|Publication number||US7155330 B2|
|Application number||US 11/098,975|
|Publication date||Dec 26, 2006|
|Filing date||Apr 5, 2005|
|Priority date||Jul 8, 2003|
|Also published as||CA2530820A1, CN1820137A, CN1820137B, US6889663, US20050010355, US20050182554, WO2005010337A1|
|Publication number||098975, 11098975, US 7155330 B2, US 7155330B2, US-B2-7155330, US7155330 B2, US7155330B2|
|Inventors||Vincent F. Dunsworth, Shawn M. Gallagher, James Robert Mischler|
|Original Assignee||General Electric Company|
|Export Citation||BiBTeX, EndNote, RefMan|
|Patent Citations (19), Referenced by (2), Classifications (17), Legal Events (2)|
|External Links: USPTO, USPTO Assignment, Espacenet|
This application claims priority to and is a continuation of U.S. Ser. No. 10/615,439 filed Jul. 8, 2003 now U. S. Pat. No. 6,889,663, which is incorporated herein by reference in its entirety.
The invention relates generally to control of compression-ignition engines, and more particularly to cam sensor elimination in four stroke compression-ignition engines having cylinders with large displacement volumes, such as locomotive or marine type engines.
Although various techniques for eliminating cam sensors have been provided in the context of relatively small spark-ignition engines, these type of techniques are believed not to be suited to the unique designs of larger compression-ignition engines, such as diesel engines. For example, the single cylinder displacement for a large sixteen cylinder locomotive diesel engine may be on the order of 11 liters whereas the single cylinder displacement for a typical diesel truck may be on the order of only 2 liters per cylinder. Therefore a single cylinder for a large locomotive engine may easily be more than five times larger than that of a large diesel truck. In addition, a typical truck engine has 6 or 8 cylinders as opposed to 12 or 16 for a typical locomotive engine, thus each cylinder contributes a smaller portion of the total power. This generally translates into very different design constraints since high injection pressure levels (on the order of 10–20 k.p.s.i.) are required in conjunction with much higher volume fuel flow rate ranges (100–1600 mm3/stroke) to effectuate proper combustion in the larger l
Other differences also impact the type of fuel injection system which may be employed on larger compression ignition engines. For example, locomotive engines are typically designed to maintain governor stability e.g., provide a relatively constant speed output to provide a steady power generating source for large fraction motors used to propel the wheels. Also, large locomotive engines encounter radical load changes due to switching of large auxiliary loads such as compressor loads, fan loads, and “hotel” power loads (an alternator for generating 110 V at 60 Hz) for passenger train applications. Driving such loads or turning off such loads can result in load changes on the order of 500 horsepower at any instant.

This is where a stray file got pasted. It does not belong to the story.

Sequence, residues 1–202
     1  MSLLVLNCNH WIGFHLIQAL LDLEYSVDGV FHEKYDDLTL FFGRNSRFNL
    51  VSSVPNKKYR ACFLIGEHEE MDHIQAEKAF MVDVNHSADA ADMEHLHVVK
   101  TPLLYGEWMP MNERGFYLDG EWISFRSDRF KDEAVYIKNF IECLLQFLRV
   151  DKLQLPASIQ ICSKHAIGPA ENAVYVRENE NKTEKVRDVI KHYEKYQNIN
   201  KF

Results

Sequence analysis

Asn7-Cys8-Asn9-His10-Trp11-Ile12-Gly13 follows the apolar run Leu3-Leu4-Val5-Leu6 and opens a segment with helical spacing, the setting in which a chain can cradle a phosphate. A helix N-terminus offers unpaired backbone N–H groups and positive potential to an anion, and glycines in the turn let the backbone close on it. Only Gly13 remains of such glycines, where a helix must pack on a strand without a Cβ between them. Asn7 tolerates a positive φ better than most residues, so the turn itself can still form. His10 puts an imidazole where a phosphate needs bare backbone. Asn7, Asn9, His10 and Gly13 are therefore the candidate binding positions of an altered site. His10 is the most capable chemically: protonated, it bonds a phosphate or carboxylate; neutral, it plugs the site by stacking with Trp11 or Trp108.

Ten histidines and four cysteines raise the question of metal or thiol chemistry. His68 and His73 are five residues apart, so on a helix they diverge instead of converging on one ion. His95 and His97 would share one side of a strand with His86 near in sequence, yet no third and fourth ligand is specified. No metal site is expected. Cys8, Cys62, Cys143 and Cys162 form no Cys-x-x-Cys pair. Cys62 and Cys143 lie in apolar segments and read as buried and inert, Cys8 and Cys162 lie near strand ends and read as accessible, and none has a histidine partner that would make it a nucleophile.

Another design consideration generally unique to such larger engines is lower engine speeds (RPM) and reduced chamber air movement. Smaller engines typically operate at engine speeds of several thousand RPM's. However, larger locomotive engines typically operate at between 0–1050 RPM. The rate at which the pistons move generally impacts the air intake speed and/or swirl. Lower RPM typically translates into slower air intake. With smaller volume cylinders, sufficient chamber air movement to allow proper atomization of the fuel to air mixture typically occurs during the power stroke. However, larger cylinders typically have much less cylinder air movement which results in a more stagnant trapped air volume. This generally requires a greater fuel injection pressure to be applied to overcome the in-cylinder compression and penetrate the trapped air volume in a sufficiently atomized state, such that entrainment will result in a homogenous and stoichiometric burn of the air/fuel mixture.